Published September 22, 2011
If you want to understand how liberals view the relationship between individuals and the government, compare their reactions to the Solyndra scandal to their statements on Social Security reform.
Earlier this month, Solyndra, the solar panel maker that received $535 million in federal loan guarantees and was touted as the symbol of President Obama's "green jobs" initiative, declared bankruptcy and had its offices raided by the FBI.
The failure of a company Obama described as "a true engine of economic growth" has raised obvious questions about the advisability of squandering taxpayer money on such endeavors. But Obama's surrogates have countered by arguing that failure is merely a natural byproduct of progress.
"The reason why fledgling, cutting-edge industries need this kind of assistance is because they can be high risk as well as high reward," White House press secretary Jay Carney said. He also observed that "what happened here is an investment did not pan out."
On Sept. 14, administration officials appearing before the House Energy and Commerce Committee, which is investigating the Solyndra loan guarantees, made a similar case.
"Support for innovative technologies comes with inherent risks," testified Jonathan Silver, executive director of the Department of Energy's loan guarantee program.
Jeffrey Zients, deputy director of the White House Office of Management and Budget, also drove this point home. "I think it is the nature of backing innovative technologies that there are technology risks in some situations, market risk," he said.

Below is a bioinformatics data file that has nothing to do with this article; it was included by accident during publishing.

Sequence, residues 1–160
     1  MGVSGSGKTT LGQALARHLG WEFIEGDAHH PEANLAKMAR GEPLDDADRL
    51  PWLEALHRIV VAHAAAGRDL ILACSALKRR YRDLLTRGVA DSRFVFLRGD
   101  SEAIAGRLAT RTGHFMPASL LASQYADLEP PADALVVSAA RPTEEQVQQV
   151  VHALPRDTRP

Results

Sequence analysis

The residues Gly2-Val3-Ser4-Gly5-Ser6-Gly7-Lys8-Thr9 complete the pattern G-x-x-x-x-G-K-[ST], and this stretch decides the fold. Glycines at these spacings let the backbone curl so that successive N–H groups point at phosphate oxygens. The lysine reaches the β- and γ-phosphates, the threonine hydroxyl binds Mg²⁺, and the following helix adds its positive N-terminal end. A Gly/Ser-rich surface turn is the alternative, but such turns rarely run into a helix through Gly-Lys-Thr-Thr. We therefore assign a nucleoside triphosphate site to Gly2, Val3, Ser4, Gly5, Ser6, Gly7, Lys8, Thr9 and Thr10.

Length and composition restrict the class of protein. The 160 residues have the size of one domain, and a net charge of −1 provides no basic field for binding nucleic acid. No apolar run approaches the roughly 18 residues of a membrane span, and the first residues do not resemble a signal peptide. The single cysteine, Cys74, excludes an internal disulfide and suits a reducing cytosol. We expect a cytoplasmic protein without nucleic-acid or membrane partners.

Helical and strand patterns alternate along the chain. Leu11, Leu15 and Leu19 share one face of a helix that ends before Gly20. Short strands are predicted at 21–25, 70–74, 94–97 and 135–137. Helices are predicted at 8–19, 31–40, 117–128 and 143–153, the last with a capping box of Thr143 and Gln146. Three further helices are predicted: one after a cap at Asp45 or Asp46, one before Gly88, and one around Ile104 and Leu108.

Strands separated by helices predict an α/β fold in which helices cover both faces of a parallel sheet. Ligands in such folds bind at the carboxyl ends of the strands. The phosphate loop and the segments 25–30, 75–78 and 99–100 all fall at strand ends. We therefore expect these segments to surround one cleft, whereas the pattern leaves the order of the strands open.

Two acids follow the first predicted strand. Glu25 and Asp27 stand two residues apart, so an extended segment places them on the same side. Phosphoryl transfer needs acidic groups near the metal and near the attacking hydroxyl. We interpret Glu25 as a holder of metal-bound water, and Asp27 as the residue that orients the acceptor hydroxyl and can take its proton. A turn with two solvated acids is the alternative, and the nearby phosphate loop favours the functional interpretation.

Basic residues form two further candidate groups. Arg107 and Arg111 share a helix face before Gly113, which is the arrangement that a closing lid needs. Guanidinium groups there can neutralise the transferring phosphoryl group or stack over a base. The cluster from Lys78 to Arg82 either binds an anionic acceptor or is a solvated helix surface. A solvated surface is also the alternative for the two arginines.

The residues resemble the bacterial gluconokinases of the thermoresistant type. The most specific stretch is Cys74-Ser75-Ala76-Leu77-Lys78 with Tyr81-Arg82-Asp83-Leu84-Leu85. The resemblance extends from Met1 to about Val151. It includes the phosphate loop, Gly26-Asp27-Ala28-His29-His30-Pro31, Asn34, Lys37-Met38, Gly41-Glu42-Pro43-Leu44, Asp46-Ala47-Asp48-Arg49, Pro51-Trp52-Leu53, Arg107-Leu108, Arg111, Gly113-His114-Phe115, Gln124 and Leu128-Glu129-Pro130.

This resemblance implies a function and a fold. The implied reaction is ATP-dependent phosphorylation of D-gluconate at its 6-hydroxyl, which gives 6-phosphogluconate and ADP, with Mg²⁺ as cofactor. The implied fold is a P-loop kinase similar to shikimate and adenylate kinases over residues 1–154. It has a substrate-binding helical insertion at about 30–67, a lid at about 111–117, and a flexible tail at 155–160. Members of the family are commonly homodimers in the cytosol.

Yet back in 2005, when Obama was in the U.S. Senate fighting President Bush's efforts to reform Social Security in the Senate, he offered a much different perspective on risk.
"Part of what the president calls an ownership society is really a society in which we do not have social insurance and each of us are on our own, managing risks and returns in the free marketplace," Obama explained at an appearance at the National Press Club. "There's a proud lineage to such thinking. I just happen to think it's wrong."
During the 2008 campaign, Obama said that Bush-style Social Security reform "would gamble the retirement plans of millions of Americans on the stock market."
In reality, the Bush proposal didn't involve government gambling taxpayer money. It gave younger workers the option of investing a portion of their payroll taxes in personal accounts, choosing among investment funds rather than random stocks.
But looking beyond Obama's distortions, his comments have fresh meaning in the wake of the Solyndra scandal and provide insight into what he and his fellow liberals consider appropriate risk.
Obama thinks it's OK for government to risk taxpayer money on business ventures that he deems worthy of investment. But he's outraged at the suggestion that younger Americans be allowed to have more control over the allocation of their own tax dollars.
This derives from the liberal belief that a central authority run by experts will spend money intelligently (in the case of Solyndra, by jump-starting alternative energy), whereas individuals will act irresponsibly if left to their own devices (in the case of Social Security reform, by blowing their retirement on personal accounts).
Experience teaches us differently. Like many failed government ventures before it, Solyndra was a case in which ideologically driven geniuses doled out money to a well-connected company despite repeated red flags that its business model was fatally flawed. And Social Security is insolvent even though government experts have increased the payroll tax rate that finances the program 20 times since its inception.
Beyond acknowledging this reality, a free society should recognize the moral distinction between individuals putting their own money at risk and government bureaucrats playing venture capitalists with taxpayer dollars.
Philip Klein is senior editorial writer for The Washington Examiner. He can be reached at firstname.lastname@example.org. Follow him on Twitter @philipaklein.
This op-ed originally appeared in The Washington Examiner.